In the grand scheme of the animal kingdom, insects are often overlooked for their impressive locomotor skills. They can walk forwards, backwards and even upside down, traversing challenging environments with relative ease. But how do insects achieve this coordination? Clare Howard (Columbia University) and colleagues teach us that the insect nervous system employs a multifaceted signalling network to optimize their speed, gait and reaction timing to gracefully navigate through life.
Using the vinegar fly (Drosophila melanogaster), Howard and colleagues surveyed the fly nervous system to establish the sequence of signals involved in locomotion. The neural circuits responsible aggregate in the ventral nerve cord, their equivalent of the vertebrate spinal cord. The ventral nerve cord is the remote control driving the fly's three pairs of legs and it is so in tune with the fly's movements that it can even stimulate typical leg behaviours, such as walking and grooming, after a fly has been decapitated. But how does the ventral nerve cord control fly movements on such a fine scale? The authors looked to the body's built-in messaging system – the neuromodulators – to obtain the answer. Neuromodulators, such as serotonin, dopamine and noradrenaline (norepinephrine), work to transmit signals about the environment to the nervous system for processing, which are then sent back to the limbs to trigger an appropriate response.
First, the authors manipulated the fly's genetics to activate neurons associated with each of the major neuromodulators. Surprisingly, fly walking speed only shifted when the serotonergic system was activated, with no changes observed in any of the other neuromodulators. In the flies with serotonergic activation, walking remained consistently slower and straighter than in normal flies, providing credible evidence for the role of serotonin in their agility. To confirm a direct link between serotonin and locomotion, the authors then altered the fly genes to turn off their serotonergic neurons, which caused them to walk faster and in more circuitous walking paths. Remarkably, the flies continued to walk more slowly when serotonin was activated regardless of the environment in which they were tested, with serotonin activation reducing walking speed even under varying temperatures, terrains, orientations and degrees of hunger.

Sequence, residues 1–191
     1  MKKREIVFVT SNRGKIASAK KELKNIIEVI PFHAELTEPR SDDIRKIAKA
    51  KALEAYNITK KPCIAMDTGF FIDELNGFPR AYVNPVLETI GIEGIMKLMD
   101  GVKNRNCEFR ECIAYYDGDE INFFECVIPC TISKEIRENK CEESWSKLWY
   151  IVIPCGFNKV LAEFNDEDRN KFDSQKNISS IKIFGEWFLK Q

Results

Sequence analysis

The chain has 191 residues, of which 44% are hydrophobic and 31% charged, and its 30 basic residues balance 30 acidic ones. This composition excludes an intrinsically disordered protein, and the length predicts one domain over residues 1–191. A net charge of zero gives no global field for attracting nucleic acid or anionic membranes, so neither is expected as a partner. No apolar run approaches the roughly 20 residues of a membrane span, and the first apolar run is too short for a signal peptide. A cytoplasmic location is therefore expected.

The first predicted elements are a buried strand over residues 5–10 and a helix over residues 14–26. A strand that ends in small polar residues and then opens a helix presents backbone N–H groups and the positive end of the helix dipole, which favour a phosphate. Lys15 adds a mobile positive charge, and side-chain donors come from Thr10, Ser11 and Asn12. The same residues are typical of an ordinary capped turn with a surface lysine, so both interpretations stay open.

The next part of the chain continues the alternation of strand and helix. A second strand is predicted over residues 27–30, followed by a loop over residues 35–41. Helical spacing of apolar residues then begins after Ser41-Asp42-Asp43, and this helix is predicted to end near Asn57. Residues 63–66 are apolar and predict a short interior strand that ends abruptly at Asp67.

Efficient movement is especially vital when predators attack. Many animals use their own unique version of ‘fight or flight’ at the first sign of a threat, ready to make a break for safety. Although these complex escape manoeuvres are typically attributed to higher vertebrates, such as mammals and fish, flies also display escape tactics in response to threatening stimuli, often beginning with a short freezing period that allows the fly to initiate the appropriate response. But the role of serotonin in dictating the fly's locomotor response to these threats was unknown. Howard and colleagues found that if serotonin is inhibited, flies fail to ‘freeze’ and think through their response, causing them to take longer to reach an appropriate walking speed when threatened. This change in behaviour when serotonin is lost could greatly increase their chance of being eaten, suggesting that serotonin acts as a locomotor hand-break and is an essential cog in the flies’ threat response machinery.
Excitingly, these findings provide evidence that insects use serotonin in much the same way as fish and mammals. As serotonin dictates movement in complex vertebrates, it is likely that this mechanism developed first in simpler animals, like insects, and subsequently evolved in the more complex species in which it is observed today. Thus, serotonin helps animals from flies to cats walk the straight and narrow through life.